Can I Change a Child Custody Agreement?

Child Custody

Very few things last forever, even legal agreements. When a divorce court makes a decision, that ruling reflects the current situation of each spouse. As life changes, there may be a need to revisit that original ruling and modify it.

Luckily, this is an option for people. Divorcees can modify any family court judgment, even a child custody order.

In this article, we will broadly discuss the issue of child custody alterations.

How to Modify a Child Custody Order

Divorced couples can change parts of their original court order. They can simply work out new details, write them down, and submit them to the courts. If you go this route, you should run your new agreement by an attorney first. They can help make sure your phrasing is solid and won’t be misinterpreted. They can also help find and correct crucial mistakes or things you missed.

Many people find it hard to make amicable agreements with their ex. There are many reasons they got divorced, and poor communication could be one of them. For former couples who need help negotiating, we recommend mediation. In this process, an attorney works with both spouses to help reach a beneficial conclusion for all.

When negotiation is not an option, you must take the matter back to court. Doing so means building a case with your attorney. You must prove that modifying the original child custody order is not only justified, but it is also necessary. You must show that a substantial and continuing change in circumstances has occurred in order to modify a prior Judgment. Remember, courts will always act in a child’s best interests, so make sure your arguments help explain why changing custody is best for the kids.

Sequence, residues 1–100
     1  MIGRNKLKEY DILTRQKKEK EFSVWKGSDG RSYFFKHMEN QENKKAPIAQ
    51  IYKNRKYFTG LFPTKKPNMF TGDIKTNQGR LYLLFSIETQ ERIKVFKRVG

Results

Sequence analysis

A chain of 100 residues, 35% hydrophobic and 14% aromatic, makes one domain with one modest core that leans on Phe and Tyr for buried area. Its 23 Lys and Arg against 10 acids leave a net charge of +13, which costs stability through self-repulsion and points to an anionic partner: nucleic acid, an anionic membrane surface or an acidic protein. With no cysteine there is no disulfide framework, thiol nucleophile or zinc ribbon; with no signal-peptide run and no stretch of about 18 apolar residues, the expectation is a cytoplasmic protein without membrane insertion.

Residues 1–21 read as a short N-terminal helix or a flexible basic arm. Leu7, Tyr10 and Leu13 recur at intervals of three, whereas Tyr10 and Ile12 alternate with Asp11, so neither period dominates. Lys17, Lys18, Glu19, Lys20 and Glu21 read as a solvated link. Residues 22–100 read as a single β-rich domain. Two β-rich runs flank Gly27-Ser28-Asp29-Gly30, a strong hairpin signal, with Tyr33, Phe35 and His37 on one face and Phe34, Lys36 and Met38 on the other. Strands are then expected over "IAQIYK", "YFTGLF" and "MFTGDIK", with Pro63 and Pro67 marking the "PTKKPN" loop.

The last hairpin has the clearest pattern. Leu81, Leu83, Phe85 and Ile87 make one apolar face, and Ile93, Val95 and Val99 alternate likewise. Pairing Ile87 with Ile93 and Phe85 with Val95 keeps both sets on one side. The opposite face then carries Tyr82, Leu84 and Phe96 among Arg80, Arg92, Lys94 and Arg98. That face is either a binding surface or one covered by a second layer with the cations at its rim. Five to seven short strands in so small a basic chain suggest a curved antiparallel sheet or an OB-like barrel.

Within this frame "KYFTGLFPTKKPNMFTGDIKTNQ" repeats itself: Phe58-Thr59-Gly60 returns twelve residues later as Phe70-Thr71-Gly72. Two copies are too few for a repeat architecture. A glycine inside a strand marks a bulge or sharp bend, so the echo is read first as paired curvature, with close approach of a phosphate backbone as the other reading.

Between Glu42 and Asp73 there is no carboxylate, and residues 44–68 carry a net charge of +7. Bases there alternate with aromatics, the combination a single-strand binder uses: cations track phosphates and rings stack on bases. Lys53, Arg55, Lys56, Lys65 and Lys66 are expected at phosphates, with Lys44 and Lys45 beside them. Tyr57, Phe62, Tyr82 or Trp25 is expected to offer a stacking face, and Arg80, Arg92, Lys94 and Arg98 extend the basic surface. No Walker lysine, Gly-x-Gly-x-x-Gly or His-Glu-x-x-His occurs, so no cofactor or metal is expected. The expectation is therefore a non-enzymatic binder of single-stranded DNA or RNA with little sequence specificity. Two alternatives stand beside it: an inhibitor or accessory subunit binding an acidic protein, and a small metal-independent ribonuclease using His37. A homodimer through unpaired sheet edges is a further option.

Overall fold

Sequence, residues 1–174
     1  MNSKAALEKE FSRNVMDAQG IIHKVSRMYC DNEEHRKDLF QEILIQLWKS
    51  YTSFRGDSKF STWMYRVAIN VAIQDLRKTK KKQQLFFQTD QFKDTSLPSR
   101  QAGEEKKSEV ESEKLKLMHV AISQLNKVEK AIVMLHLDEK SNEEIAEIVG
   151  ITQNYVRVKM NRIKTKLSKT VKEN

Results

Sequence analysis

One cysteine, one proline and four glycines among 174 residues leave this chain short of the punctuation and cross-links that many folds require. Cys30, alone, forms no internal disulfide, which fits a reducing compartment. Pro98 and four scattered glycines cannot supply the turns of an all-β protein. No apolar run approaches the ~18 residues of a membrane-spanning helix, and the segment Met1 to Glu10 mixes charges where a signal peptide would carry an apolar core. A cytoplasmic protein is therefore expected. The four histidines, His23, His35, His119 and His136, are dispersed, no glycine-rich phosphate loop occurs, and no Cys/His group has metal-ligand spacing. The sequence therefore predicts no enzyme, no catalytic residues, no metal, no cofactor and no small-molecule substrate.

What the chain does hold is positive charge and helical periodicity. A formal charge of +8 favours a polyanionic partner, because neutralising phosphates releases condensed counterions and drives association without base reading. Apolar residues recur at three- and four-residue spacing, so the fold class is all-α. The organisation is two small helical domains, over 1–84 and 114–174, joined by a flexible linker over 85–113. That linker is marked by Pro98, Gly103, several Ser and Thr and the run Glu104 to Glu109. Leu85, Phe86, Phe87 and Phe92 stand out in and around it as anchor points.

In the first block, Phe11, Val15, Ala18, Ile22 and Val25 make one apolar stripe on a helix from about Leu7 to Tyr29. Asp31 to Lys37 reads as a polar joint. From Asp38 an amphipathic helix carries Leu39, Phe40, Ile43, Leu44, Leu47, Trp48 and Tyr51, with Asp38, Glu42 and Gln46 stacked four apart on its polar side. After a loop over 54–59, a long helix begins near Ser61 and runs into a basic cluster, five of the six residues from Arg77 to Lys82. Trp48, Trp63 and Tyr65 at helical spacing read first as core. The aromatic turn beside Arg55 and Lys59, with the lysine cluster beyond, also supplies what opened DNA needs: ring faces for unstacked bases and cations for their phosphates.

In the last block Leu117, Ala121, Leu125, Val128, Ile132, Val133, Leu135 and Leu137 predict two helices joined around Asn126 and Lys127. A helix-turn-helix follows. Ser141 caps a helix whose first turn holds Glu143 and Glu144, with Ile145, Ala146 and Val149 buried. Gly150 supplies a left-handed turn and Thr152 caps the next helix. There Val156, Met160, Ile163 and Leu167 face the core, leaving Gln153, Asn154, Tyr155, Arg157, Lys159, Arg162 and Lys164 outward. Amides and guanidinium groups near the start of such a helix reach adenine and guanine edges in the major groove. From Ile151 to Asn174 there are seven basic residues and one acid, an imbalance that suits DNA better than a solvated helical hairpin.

Reasons to Change a Child Custody Order

Any aspect of your life could influence your ability to keep and care for the children. Here are just some justifiable reasons to modify your child custody.


Whether you move closer or further from the primary custodian, this will have a huge impact on your parenting. A closer move will, for instance, allow you more participation in the child’s schooling or extracurricular activities. Moving further away will have the opposite effect.

Receiving More Support

Parenting is difficult, especially when you are on your own. When you were married, perhaps you had a large network of people who could help. The divorce, however, could have forced you to lose relationships with people who helped in the home. If you remarry or have extended family move closer, you may have more resources and time to spend with the children.

Changes in Your Schedule

A job schedule has a direct impact on your parenting. Perhaps you work nights, making single-parent custody difficult, or you work from home, meaning you need more time alone. If your job or your shift changes on a semi-permanent basis, this could free you up to take the kids more often. The opposite may also be true, where a job change means you need the kids for less time.

Changes in Your Relationship

Divorce is hard on the whole family, and it can have a damaging impact on the relationship between parent and child. Courts will consider the closeness of the relationship to determine custody. As time passes, however, wounds can heal, and broken relationships can mend. Growing closer to your children is a good reason to modify your custody. The child can even tell the court that they want more time with you, and normally, the court will pay attention.

If you need help with a custody modification, whether through negotiations or a courtroom plea, our firm can help. For a free consultation, schedule time with us online, or call us now at (636) 552-4841.

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